Eat – Restaurants
In Kassala, you will find all the standard Sudanese fare and very little else besides it. The coffee here is heavenly and the fruit juices are a refreshing option in the overbearing heat that always pervades the country.
As usual, fuul is the main dish on offer and for a bit of variation try the ta´amiya (falafel) which is always good. To delight any Sudanese person, enquire as to whereabouts you can try ghuraasa and the odds are that they will take you there themselves if not at least point you in the right direction. This thick pancake-based meal is delicious and there are usually a couple of sauces to choose from.
Around the various souks in the city is where you will find the majority of the restaurants.
Time – Seasonality & Schedules
Sudan is a very dry and arid country and there is little variation in temperature throughout the year. Temperatures regularly reach over 40 degrees and it hardly ever rains.
In Kassala, the rains come around July and August to replenish the river but even these are sporadic.
When climbing the mountains be sure to take the sweltering heat into account and prepare accordingly. Bring lots of water, a hat and get ready to clamber over an endless stream of boulders! Depending on how you progress, the climb there and back can take anywhere from three to five hours.
Safety – Possible risks
When visiting Sudan, it is important to know that various conflicts, such as Darfur, have been ongoing for a number of decades. Protests do at times erupt about living conditions in the country but generally speaking as a tourist and guest in Sudan, you should be completely safe in the areas which you are allowed to travel in.
While it can be quite hard to acquire a visa, once you have arrived you will be overwhelmed by the hospitality of the Sudanese and the tourist sites are amazing to visit as you will often be the only person there.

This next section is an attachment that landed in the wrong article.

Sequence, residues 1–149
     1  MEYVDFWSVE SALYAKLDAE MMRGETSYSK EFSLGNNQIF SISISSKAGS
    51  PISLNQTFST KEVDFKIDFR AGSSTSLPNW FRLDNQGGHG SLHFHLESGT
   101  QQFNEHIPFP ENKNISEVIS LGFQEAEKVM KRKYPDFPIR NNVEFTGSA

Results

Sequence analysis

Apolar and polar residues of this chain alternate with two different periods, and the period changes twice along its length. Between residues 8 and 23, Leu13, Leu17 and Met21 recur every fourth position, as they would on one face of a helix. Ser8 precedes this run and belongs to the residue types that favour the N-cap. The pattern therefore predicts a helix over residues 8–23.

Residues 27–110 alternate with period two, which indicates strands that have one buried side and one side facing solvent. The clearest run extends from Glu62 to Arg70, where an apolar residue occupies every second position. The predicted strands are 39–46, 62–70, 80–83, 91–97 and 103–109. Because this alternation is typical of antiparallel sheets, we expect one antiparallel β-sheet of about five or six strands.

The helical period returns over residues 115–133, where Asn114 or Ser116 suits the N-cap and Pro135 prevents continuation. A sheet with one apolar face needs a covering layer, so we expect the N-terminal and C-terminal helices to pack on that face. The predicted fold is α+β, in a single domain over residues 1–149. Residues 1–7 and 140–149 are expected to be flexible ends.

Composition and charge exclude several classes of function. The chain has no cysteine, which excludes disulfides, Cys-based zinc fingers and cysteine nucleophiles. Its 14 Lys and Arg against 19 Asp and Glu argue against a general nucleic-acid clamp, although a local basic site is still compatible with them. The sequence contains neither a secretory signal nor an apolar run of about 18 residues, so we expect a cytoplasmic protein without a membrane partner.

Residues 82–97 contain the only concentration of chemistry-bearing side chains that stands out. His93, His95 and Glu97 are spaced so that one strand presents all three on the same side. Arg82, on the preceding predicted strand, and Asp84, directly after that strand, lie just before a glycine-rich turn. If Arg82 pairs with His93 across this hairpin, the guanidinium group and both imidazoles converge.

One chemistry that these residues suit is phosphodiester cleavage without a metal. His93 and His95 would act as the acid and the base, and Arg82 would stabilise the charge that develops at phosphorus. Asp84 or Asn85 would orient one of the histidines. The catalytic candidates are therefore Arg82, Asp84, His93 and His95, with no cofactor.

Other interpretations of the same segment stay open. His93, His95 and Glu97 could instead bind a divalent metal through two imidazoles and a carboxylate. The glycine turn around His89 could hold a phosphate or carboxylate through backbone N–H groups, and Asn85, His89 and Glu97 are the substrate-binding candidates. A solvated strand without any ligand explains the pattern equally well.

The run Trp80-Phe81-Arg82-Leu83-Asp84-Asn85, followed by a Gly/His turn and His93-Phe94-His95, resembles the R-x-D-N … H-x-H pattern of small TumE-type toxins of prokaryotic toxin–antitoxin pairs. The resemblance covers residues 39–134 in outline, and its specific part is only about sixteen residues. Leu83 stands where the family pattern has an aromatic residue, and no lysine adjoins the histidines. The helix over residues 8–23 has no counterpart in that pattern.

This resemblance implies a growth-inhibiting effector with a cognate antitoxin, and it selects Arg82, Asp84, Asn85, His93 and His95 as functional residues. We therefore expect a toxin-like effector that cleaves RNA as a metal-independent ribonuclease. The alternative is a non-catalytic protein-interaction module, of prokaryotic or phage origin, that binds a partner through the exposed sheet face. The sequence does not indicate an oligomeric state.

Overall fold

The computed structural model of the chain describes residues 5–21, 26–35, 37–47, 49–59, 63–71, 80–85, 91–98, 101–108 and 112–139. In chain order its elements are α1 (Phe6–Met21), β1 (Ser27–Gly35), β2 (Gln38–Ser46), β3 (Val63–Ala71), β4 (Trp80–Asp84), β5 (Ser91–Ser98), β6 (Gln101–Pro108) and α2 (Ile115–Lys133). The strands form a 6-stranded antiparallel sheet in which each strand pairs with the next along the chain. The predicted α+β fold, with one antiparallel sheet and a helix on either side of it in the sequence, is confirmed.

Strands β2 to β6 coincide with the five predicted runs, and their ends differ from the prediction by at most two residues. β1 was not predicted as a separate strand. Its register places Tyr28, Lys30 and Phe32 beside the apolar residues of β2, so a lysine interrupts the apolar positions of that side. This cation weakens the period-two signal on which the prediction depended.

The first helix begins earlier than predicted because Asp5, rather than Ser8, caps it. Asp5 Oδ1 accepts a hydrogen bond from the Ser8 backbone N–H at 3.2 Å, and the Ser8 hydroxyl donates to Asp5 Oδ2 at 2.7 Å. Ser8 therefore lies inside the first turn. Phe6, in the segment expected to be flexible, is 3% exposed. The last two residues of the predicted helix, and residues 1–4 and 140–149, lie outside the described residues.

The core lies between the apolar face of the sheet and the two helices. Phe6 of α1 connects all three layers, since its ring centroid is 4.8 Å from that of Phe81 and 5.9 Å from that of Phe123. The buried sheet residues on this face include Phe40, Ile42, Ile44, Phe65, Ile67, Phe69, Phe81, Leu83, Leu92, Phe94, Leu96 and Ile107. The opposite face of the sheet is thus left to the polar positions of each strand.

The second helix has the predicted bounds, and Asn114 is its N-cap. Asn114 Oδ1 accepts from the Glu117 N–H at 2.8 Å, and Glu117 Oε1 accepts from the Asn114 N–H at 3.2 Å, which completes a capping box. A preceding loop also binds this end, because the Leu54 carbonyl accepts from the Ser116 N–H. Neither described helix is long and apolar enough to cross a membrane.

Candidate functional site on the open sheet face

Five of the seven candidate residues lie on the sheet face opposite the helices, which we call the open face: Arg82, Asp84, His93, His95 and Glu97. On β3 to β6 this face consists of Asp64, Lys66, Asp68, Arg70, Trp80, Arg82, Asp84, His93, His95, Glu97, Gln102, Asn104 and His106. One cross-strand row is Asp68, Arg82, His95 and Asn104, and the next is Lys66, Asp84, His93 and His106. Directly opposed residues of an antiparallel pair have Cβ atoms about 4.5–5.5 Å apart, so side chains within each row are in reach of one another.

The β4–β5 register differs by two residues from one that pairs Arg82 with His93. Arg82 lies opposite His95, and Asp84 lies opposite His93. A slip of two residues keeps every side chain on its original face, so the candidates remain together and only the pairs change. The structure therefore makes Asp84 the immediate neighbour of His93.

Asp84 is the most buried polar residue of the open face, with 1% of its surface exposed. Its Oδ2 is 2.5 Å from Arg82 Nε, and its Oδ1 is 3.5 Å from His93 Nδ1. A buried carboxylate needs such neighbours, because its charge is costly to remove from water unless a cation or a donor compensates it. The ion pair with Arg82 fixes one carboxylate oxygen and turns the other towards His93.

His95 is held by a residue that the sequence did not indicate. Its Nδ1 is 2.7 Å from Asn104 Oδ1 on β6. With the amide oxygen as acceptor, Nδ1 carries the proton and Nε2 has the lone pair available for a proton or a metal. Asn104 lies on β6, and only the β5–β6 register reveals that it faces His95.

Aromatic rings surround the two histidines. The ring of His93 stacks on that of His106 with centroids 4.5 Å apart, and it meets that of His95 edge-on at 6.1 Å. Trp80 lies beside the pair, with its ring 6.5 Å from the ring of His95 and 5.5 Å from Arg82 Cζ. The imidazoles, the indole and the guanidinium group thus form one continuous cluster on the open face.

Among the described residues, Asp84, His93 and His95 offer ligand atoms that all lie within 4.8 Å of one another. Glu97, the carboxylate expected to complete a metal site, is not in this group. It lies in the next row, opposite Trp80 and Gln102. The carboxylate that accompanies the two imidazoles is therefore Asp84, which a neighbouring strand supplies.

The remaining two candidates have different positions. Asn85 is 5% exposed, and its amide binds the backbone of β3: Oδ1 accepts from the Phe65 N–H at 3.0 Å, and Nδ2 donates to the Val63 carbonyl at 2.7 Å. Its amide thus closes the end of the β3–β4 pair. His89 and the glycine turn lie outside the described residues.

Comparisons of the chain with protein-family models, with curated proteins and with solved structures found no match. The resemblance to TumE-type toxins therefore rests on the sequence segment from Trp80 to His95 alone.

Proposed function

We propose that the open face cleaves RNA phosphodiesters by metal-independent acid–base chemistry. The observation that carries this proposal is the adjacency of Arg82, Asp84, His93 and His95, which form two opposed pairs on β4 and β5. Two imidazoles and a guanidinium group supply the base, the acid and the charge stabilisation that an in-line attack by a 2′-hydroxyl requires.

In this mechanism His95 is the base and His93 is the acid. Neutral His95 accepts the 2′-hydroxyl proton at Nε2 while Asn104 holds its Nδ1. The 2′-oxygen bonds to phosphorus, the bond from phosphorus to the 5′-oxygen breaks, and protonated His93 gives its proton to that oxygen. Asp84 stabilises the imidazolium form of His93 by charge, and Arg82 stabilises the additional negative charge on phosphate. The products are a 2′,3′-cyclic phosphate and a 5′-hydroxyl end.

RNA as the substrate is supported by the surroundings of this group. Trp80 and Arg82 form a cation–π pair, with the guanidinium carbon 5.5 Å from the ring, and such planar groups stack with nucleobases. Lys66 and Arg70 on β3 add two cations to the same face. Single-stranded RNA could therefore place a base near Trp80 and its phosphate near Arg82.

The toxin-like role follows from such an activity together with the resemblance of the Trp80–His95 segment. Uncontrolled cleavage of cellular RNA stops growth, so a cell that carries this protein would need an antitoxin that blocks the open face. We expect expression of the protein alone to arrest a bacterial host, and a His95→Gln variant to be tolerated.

International bank cards do not work in Sudan so make sure to take all the money you think you will need with you when you arrive. You can then change dollars, pounds or euros into Sudanese Pounds.
Kassala, as you will see, is a friendly and laidback city and very safe to visit.
Please Note: Travel inherently comes with an element of risk (just like crossing the road does). You are putting yourself in elements that are unfamiliar and foreign to your usual lifestyle and with that, become more susceptible to fall victim to those who try to play off those unfamiliar to their local scams. There are also potential dangers in the environments to which you may not be accustomed.
Please take extra care in travelling, ensure that you have adequate medical insurance (accidents seem to happen when you least expect them), and have let a trusted colleague, family member or friend know your whereabouts and activities.
Where Sidewalks End travel advises you to travel at your own risk and to be extra aware of your surroundings (without letting it spoiling your time).
Pay – How much does it cost?
Sudan is very cheap to visit in large part because you will be treated as a guest wherever you go! In all seriousness though, food, transport and tourist attractions are all very cheap if you live like a local with some meals going for as cheap as 15¢. In Khartoum, there are more hotels and restaurants catering to foreigners and as such, you can really spend a lot if that´s your style.
Responsible Travel – Best Practices
Sudan is an Islamic country so you should follow the rules of the place and wear respectable clothing at all times. Women may prefer to wear a headscarf but as a foreigner, you are given a bit of leeway so it is not completely necessary.
Sudan is a dry country so no alcohol is allowed and if you do get caught drinking you can be punished with up to forty lashes of a whip.
Reality Check – Be Aware
Climbing the mountain is very tough and clambering over huge boulders in the searing sun is certainly tiring work. Alone above the city, make sure to stay safe when attempting the climb and pack a decent amount of water.
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Have you ever been to a city that had a really unique historical or cultural feature? Where was it and what made it so unique?